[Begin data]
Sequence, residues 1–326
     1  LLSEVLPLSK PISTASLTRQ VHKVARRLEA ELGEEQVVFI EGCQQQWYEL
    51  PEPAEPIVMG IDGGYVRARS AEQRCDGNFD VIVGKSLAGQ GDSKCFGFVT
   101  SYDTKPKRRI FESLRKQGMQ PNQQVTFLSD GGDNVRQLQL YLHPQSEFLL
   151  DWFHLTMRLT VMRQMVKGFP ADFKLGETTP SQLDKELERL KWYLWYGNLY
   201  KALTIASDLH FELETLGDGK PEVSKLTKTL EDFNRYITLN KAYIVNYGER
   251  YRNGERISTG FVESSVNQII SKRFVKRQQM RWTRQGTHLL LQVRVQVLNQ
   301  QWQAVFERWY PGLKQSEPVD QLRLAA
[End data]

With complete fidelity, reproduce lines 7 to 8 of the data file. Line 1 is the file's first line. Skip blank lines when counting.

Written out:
   251  YRNGERISTG FVESSVNQII SKRFVKRQQM RWTRQGTHLL LQVRVQVLNQ
   301  QWQAVFERWY PGLKQSEPVD QLRLAA